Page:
If you just bought or plan to buy the new iPhone 13, you had better handle it with extra care, because Apple is the only company who can properly fix it.
Third-party repairing may be a thing of the past with Apple’s newest edition, as replacement screens from unofficial repairs reportedly lose access to Face ID.
It means you will have to take your new iPhone directly to the maker to fix a damaged screen or be unable to open your phone via Face ID.
In a video released after taking apart the iPhone 13 Pro, Phone Repair Guru reports the “catastrophic” changes to Apple’s latest smartphone and third-party repairs.
“It’s bad, it’s really, really bad. Basically any time you get a screen replacement Face ID will be gone. You don’t have to break anything, nothing has to go wrong,” he says in the video.
A third party, such as a non-Apple-affiliated repair store, will be unable to replace an iPhone 13 screen properly because of the changes.
An ‘Important Display Message’ pop-up prompt will warn the iPhone 13 user of the issue if they try.
“Unable to verify this iPhone has a genuine Apple display,” it reads, despite using a genuine Apple display.
The screen doesn’t even have to be damaged to become void of Face ID.
Screen replacements in iPhones have always been risky because you risk damaging the components, but they were possible.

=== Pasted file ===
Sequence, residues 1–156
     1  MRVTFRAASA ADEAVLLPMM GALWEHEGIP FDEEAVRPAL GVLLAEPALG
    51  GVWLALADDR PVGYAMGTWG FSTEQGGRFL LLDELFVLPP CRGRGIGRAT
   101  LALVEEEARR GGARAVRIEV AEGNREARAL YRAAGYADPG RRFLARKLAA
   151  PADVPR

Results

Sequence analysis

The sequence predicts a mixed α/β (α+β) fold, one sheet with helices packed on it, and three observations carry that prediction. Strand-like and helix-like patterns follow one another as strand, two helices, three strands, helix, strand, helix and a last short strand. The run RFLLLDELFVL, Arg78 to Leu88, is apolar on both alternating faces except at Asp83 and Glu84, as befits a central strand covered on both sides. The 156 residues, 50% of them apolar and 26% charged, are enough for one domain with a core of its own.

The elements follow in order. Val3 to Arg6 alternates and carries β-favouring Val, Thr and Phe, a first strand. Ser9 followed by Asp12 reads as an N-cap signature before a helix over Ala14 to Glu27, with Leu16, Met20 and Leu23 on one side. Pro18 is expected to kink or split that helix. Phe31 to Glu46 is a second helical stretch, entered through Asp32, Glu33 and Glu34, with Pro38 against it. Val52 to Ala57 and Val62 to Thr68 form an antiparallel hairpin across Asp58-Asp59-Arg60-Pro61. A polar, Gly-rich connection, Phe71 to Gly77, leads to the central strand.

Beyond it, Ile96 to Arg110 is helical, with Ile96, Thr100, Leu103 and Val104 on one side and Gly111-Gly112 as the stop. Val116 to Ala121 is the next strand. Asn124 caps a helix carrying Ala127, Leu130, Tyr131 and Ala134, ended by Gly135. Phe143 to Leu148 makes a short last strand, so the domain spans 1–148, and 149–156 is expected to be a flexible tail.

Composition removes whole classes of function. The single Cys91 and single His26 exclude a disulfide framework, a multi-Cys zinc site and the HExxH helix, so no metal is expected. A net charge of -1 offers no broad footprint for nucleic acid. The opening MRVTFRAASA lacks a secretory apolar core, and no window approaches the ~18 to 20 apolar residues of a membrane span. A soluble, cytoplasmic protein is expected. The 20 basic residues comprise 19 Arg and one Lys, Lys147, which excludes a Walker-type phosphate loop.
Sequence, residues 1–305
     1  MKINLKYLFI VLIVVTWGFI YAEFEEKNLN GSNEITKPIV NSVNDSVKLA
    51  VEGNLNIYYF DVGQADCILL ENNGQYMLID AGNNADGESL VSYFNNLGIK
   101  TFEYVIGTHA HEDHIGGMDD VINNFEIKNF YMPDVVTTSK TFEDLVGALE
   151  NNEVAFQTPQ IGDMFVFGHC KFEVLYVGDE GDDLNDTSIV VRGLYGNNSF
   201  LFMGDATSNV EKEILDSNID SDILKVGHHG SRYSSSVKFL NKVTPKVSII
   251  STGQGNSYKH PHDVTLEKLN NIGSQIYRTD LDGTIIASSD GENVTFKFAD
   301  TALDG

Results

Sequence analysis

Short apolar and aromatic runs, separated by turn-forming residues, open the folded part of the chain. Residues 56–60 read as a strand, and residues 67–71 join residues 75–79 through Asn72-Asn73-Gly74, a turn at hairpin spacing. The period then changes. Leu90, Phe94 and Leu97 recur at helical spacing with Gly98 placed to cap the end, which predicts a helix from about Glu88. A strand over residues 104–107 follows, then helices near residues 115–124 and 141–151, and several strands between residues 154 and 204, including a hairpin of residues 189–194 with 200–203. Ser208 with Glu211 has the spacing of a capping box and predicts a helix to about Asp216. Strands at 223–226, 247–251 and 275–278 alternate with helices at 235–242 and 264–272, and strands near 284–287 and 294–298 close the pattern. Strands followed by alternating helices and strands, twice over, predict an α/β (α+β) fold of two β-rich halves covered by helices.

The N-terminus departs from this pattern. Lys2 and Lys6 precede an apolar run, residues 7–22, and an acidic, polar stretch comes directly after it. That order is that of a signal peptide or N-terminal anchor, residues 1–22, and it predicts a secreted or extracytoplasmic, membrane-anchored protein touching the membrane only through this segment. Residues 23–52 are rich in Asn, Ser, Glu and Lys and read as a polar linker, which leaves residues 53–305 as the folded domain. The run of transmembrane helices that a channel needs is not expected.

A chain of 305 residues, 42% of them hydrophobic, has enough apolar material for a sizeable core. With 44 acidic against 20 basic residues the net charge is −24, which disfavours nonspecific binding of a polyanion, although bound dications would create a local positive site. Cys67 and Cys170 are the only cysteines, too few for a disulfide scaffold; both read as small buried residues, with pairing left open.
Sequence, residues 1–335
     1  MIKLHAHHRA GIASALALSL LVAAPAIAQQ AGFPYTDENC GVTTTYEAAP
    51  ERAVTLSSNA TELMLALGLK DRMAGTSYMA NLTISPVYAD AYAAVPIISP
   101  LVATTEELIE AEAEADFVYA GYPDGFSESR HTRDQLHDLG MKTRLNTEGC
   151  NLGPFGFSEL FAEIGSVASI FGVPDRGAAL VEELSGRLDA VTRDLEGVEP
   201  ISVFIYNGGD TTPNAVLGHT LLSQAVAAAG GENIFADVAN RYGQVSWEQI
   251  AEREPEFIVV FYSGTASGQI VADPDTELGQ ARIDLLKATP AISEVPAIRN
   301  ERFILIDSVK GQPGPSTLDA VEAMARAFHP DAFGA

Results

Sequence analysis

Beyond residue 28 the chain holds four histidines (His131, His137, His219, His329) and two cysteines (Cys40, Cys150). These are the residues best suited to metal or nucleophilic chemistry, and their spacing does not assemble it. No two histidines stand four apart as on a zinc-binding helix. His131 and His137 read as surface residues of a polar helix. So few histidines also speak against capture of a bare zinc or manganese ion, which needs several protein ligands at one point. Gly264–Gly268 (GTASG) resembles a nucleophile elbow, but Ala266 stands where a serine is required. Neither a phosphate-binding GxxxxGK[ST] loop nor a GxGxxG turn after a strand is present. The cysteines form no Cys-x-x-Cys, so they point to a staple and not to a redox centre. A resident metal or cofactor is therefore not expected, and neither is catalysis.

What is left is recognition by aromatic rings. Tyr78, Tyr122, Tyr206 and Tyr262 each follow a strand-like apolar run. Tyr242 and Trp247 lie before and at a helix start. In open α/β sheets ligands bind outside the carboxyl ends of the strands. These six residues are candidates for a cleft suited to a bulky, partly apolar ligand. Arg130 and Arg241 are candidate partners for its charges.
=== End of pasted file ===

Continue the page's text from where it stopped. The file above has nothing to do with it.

In the iPhone 12 Pro, Apple implemented a component behind the screen that held the Face ID data and functionality.
Now, the iPhone 13 screen holds data related to the Face ID, rendering the function useless once you remove it.
Apple changed the Face ID components for the new edition, making them smaller and merging the speaker to the actual housing of the iPhone 13.
Only the microphone, ambient light sensor and proximity sensor remain in small components behind the screen.
All these are transferable to all screens and work when replaced by a third party. Face ID functionality ignores these components.
Apple has tried to end third-party repairs for new iPhones.
In mid-September, Apple shareholders filed resolutions with Apple to reverse its “anti-repair practices”, calling on the tech giant to change its Right to Repair policies.
In 2018, an update for iOS 11.3 reportedly disabled touch functionality for iPhone 8s with aftermarket displays.
Apple later released an update fixing the issue.
This issue is unlikely to be fixed by a patch due to the change of hardware.
There are workarounds, including transferring two chips to the new screen, but most repair shops won’t do that because it is “too sophisticated”, Phone Repair Guru said.
The iPhone 13 starts at $1199 in Australia, while the iPhone 13 Pro starts at $1699.